…We had to do a poem about an animal. I did the penguin:
“The penguin lives in the cold South Pole
It is never never on the dole.
They always first get shipped away
To be wrapped in paper the very same day.
They get sent to shops all around
And people eat them when they are found.
They throw the paper clean away
It may turn up another day”…
I have nothing to add.
…Marks and Spencer are 92 years old.
My mum hopes that when they celebrate their 100th birthday
they will give us all something…
I’ve just checked my entry for 28 September 1994. They didn’t.
…The annual Webb Ivory catalogue came out today.
We get ours from school.
It’s all about things for Christmas like cards, decorations, presents
and all kinds of models, toys and books.
I have already seen things that I want…
I’m not sure if our school had some sort of deal with Webb Ivory, but these catalogues materialised around this time every year, haunting and teasing us with seasonal sensations while simultaneously reminding us there were still three long months to go until Christmas was really here.
We each got to take one of these hefty catalogues home. I would spend several hours leafing enthusiastically through its tissue-paper-thin pages.
Then I would order precisely nothing, having been told by my parents that it was far too early to be bothering with this sort of nonsense.
…Star Trek and Tomorrow’s World were some of the TV I watched tonight.
It was Lofty and Michelle’s wedding day in EastEnders…
There had been plenty of other occasions when a TV programme or film had become a subject for shared gossip in the classroom; On Her Majesty’s Secret Service earlier this week, for example.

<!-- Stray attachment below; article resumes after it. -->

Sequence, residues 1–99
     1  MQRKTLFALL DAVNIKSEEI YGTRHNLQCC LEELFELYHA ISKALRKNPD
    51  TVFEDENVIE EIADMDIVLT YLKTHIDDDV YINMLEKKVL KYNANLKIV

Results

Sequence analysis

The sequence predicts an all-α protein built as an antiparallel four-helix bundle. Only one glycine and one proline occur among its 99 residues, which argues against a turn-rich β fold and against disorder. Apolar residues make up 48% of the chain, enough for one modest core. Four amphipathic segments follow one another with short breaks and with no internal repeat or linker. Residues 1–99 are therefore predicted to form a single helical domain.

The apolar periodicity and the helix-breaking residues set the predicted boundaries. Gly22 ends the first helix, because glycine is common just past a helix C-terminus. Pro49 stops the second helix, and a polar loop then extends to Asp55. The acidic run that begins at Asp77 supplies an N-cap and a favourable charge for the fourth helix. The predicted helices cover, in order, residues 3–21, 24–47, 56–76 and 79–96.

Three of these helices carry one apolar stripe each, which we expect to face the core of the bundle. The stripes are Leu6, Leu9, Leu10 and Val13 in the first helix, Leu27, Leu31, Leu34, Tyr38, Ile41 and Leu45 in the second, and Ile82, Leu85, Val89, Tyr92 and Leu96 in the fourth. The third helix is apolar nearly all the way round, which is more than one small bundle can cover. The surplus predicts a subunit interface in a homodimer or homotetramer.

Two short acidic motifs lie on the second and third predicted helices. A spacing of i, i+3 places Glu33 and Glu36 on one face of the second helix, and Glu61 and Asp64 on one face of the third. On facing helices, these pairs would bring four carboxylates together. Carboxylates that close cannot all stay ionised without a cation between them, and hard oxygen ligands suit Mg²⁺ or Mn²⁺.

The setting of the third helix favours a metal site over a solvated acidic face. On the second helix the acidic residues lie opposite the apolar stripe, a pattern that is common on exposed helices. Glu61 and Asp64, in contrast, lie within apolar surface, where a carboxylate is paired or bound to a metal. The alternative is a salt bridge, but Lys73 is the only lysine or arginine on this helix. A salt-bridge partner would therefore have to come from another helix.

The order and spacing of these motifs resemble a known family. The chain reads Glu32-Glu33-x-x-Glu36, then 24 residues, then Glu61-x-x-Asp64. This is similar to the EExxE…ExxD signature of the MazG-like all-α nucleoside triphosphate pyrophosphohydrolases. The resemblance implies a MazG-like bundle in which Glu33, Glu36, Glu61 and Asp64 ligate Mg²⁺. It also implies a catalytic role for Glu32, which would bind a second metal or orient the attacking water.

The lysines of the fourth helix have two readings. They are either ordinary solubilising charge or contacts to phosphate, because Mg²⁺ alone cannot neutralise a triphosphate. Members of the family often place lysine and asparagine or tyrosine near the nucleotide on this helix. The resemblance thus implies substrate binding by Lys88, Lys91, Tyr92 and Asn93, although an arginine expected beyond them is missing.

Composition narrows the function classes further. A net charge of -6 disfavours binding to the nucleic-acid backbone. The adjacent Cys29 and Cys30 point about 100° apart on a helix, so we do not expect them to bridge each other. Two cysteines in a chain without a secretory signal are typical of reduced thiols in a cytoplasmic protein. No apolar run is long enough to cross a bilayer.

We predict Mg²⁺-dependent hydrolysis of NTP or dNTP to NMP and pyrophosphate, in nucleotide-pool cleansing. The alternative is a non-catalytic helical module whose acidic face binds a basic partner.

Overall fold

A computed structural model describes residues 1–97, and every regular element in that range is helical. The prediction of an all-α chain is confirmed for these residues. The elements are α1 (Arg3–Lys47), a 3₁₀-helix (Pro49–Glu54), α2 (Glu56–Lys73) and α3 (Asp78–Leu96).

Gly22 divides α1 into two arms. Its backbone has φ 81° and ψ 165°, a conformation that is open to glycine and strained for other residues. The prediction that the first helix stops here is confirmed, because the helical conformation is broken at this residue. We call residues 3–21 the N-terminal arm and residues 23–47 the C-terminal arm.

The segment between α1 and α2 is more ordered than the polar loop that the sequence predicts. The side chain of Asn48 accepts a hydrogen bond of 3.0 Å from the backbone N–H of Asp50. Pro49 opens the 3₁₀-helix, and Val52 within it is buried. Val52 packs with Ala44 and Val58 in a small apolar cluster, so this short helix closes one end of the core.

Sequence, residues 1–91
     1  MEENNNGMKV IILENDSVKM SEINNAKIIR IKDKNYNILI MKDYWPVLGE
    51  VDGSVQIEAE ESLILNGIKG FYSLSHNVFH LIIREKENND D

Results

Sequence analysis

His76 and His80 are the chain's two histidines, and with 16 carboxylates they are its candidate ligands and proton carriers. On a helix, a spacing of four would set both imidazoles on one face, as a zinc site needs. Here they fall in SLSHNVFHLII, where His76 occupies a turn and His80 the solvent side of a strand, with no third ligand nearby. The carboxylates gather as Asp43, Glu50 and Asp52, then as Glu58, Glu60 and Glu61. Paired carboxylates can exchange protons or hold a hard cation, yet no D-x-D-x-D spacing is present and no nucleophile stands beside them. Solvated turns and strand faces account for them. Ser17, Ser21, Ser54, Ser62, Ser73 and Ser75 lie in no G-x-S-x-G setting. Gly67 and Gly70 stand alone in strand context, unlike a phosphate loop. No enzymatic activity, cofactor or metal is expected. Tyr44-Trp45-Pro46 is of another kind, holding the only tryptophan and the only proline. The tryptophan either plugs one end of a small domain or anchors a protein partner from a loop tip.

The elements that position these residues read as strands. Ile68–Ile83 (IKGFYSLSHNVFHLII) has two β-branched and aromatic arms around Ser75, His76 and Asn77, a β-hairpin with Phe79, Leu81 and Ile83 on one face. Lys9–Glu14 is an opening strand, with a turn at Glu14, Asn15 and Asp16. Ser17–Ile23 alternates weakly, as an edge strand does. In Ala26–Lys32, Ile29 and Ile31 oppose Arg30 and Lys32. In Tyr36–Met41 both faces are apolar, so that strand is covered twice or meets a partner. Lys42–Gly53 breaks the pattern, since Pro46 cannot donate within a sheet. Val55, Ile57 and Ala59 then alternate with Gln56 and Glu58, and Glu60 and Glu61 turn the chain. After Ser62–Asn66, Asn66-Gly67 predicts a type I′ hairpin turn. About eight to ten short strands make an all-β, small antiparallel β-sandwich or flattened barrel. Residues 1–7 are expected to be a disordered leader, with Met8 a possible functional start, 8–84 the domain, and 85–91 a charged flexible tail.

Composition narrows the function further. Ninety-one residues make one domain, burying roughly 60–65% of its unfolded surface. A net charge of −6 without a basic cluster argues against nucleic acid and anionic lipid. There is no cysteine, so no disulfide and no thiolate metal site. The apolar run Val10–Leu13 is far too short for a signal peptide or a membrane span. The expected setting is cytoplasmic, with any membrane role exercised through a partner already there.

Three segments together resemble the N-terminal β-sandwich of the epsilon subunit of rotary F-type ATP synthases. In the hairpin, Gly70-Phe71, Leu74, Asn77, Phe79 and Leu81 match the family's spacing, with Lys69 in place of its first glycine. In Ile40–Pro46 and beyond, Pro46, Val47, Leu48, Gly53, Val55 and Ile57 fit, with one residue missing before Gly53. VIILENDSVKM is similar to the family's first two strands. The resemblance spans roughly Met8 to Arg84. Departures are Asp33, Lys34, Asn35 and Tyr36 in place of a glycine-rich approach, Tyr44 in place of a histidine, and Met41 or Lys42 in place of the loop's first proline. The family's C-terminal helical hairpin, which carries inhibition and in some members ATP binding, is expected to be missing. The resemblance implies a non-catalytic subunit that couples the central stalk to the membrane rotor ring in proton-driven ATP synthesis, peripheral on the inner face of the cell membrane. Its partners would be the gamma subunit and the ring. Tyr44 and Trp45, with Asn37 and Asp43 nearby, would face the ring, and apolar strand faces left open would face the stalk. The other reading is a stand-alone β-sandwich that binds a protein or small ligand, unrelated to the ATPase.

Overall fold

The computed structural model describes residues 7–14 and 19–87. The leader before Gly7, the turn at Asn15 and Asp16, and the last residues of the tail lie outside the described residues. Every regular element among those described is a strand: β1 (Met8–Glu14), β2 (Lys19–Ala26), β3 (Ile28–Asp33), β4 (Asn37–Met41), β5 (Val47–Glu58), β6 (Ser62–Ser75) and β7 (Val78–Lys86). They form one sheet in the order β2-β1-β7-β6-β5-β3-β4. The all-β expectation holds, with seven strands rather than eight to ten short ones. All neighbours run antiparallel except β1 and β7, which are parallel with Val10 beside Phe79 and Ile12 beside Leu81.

But this was the first time that I can remember almost the whole school being excited by the transmission of something. People were going about reminding each other to tune in, and talking about where and with whom they would be watching.
It was impossible not to get caught up in the hysteria. Then again, this was during the absolute peak of EastEnders’ initial imperial phase, and in the 19 months since its launch the show had burrowed deep into the national consciousness. Plus there had been acres, oodles and hours of pre-publicity about the on-screen nuptials.
As for the episode itself, I only got to see some of it thanks to a quarrel over whatever was on the other side. But it was enough to be suitably armed for the mass post-mortem examination that I knew would take place in the playground tomorrow.
In retrospect it’s in no way the greatest moment EastEnders’ history, but was and is enormously enjoyable and bears, it goes without saying, no relation whatsoever to the tone, pace and quality of the serial today*.
*All of which are lamentable.
…I had my first piano lesson of the term with a new teacher
because my old one died.
I brought a water pistol [to school] but it leaked and wet my trousers.
Everybody seemed to have videoed O.H.M.S.S., but we haven’t got a video.
I am feeling horrible and left out…
Real, proper, grown-up tragedies were nipping at my heels. One of my teachers had been hospitalised from a heart attack; now my piano teacher was dead.
Yet they didn’t register on any sort of different scale from the petty mishaps and misfortunes to which I gave equal prominence in my diary. Rather, they all resonated in unison, the one seeming just as consequential as the other.
I remember on this occasion kicking up quite a fuss about not having a video recorder. I’d voiced protests before, but to no effect. I felt like ours was the only house in the world that didn’t have one.
Here was a rare instance of me feeling out-of-step with the times in which we lived. Normally I didn’t give a toss. I think what prompted such alarm was the fact that, as I note, “everyone” seemed to have recorded the Bond film, revealing to me just how ubiquitous this gadget had become, and therefore how laughably antiquated my family now appeared.
Suffice to say my petitions were useless. We would go on not having a video recorder for not just the rest of the year, but the rest of the DECADE.